NJ - In fight against commercialization, park preservationists champion a beach for the birds
Liberty State Park again at center of controversy over development
The half-mile stretch of Caven Point beach seems fairly ordinary, as beaches go.
Birds fish in the flats and perch in the reeds, their calls the only sound breaking the silence of this nature preserve inside Liberty State Park. Snails called mud dog whelks that look like rocks tumble around the water’s edge. Seaweed scattered by the tides dries in the sun.
But Caven Point is far from ordinary.
Its shoreline is the longest uninterrupted stretch of natural beach in the Upper New York Bay and Hudson River. Its location — along the Atlantic Flyway and within the harbor estuary — has made it a favorite stop for migrating birds, including several endangered species. And it is again at the center of a battle between preservationists, state lawmakers, and a billionaire golf course owner.
Lorraine Freeney was among the first in line fighting to protect this ordinary, extraordinary beach.
The avid birder, who launched a Facebook group for fellow bird-lovers and started documenting the area’s avian population, this year became an unexpected lobbyist, calling and emailing her local lawmakers to implore them to protect Caven Point and other parts of the 1,200-acre park from developers who have proposed building arenas, athletic fields, and more here.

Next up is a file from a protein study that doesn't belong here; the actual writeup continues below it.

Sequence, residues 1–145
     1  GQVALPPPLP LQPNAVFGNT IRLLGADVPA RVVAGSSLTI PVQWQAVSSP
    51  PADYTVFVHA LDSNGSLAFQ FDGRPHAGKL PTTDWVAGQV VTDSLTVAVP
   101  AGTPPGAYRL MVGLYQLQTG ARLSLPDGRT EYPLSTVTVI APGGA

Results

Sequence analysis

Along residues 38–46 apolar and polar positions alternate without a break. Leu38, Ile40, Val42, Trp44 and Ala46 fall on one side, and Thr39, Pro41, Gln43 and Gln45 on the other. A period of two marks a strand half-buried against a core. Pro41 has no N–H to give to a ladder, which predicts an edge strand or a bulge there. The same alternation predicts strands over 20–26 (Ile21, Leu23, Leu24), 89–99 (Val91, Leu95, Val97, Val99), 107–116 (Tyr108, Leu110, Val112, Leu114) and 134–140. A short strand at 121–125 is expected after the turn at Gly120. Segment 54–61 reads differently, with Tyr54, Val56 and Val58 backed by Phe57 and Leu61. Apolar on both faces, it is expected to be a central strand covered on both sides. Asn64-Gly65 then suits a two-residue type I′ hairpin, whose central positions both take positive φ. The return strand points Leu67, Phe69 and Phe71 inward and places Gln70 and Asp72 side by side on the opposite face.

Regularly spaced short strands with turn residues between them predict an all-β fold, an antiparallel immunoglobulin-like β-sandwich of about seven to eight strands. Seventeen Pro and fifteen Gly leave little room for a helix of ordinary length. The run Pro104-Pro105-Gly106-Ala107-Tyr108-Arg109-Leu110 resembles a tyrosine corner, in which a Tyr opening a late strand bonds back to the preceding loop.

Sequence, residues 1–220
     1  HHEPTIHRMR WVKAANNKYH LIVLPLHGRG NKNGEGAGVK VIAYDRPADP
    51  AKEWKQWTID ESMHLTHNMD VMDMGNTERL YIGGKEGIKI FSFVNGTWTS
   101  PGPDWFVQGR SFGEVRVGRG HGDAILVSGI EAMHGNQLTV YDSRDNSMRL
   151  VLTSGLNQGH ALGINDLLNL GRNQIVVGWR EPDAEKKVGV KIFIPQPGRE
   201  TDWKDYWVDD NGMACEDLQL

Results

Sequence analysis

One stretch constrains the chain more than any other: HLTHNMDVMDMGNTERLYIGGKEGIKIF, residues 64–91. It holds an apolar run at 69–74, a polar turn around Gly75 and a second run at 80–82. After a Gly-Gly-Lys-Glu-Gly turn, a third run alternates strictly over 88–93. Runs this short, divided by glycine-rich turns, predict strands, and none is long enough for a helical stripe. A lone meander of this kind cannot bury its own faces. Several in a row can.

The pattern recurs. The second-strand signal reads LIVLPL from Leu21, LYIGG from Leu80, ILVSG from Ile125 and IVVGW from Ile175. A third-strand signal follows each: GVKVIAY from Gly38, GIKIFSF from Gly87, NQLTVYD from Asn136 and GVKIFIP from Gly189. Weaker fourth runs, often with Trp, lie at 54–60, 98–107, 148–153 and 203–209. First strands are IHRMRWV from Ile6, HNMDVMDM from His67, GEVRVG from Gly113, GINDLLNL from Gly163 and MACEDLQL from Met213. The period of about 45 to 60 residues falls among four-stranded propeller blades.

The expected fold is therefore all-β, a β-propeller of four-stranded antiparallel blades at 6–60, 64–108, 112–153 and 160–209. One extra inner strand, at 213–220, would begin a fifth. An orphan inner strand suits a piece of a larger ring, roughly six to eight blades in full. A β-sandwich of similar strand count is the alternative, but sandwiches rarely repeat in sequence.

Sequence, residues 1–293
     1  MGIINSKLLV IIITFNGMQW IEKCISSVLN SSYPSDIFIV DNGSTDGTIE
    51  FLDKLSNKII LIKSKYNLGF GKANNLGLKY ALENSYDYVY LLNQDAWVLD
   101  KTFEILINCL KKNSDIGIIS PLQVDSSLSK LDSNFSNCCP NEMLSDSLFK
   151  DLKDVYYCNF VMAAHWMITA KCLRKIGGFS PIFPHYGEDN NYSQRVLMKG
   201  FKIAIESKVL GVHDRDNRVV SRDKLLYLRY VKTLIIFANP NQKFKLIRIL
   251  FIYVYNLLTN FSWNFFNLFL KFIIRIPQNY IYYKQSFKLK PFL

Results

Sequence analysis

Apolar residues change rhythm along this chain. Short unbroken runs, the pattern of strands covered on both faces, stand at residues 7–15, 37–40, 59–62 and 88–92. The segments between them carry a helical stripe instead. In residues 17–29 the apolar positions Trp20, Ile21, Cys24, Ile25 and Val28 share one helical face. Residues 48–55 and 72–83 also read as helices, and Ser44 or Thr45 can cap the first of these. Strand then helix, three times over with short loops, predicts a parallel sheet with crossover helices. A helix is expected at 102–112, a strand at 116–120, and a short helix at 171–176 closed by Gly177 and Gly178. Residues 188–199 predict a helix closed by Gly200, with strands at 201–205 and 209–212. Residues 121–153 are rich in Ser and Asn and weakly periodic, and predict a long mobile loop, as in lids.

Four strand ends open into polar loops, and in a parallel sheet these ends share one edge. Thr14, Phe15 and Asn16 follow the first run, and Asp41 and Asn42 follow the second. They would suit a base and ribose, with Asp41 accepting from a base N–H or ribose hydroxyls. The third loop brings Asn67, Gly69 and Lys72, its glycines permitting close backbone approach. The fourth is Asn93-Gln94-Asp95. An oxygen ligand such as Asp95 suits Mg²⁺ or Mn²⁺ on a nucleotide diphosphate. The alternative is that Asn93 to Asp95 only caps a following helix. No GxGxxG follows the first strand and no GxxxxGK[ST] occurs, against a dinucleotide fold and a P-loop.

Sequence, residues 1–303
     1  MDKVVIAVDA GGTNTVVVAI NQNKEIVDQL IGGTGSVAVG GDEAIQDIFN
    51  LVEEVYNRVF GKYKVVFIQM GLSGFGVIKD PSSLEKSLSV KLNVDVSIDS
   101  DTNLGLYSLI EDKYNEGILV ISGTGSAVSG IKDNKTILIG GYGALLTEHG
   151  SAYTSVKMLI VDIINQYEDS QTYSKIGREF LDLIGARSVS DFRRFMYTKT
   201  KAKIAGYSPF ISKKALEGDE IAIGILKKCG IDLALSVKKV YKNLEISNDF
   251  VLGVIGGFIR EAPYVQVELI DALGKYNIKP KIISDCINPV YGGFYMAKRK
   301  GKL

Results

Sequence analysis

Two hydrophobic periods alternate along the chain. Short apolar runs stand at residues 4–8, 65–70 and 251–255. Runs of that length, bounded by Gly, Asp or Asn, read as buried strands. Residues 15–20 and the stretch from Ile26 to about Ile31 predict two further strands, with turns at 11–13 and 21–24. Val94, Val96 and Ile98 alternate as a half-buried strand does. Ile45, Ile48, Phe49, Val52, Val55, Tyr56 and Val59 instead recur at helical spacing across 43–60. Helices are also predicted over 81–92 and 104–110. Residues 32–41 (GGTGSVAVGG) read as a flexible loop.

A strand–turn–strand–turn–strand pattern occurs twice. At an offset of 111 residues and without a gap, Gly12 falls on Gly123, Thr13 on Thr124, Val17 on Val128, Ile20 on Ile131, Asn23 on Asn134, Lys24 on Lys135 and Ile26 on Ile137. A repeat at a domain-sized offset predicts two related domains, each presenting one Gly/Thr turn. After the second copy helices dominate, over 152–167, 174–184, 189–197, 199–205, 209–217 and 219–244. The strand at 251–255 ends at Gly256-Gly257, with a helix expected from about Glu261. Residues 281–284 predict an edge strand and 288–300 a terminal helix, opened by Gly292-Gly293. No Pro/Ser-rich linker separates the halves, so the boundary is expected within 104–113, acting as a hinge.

In one of the most densely populated parts of the state, Caven Point offers urbanites a close-to-home opportunity to see horseshoe crabs, endangered birds, and sometimes even harbor seals, comb the shore for shells, and learn firsthand about pollution, climate change, and habitat preservation, Freeney said.
“Caven Point is not just for hardcore birders — it’s for everyone,” Freeney said. “To have a beautiful public space and such an important educational resource on our doorsteps is a gift. Caven Point is one of a kind, and if it’s destroyed, there’s no bringing it back.”
A fast-tracked law
Caven Point has become a flashpoint in the fight against development in Liberty State Park. Environmentalists and park supporters have fended off efforts to commercialize more parts of the park almost since it opened in 1976 in Jersey City, across the New York Harbor from Manhattan. Aside from a marina, two restaurants, and a few other businesses, Liberty State Park is home mostly to passive parkland.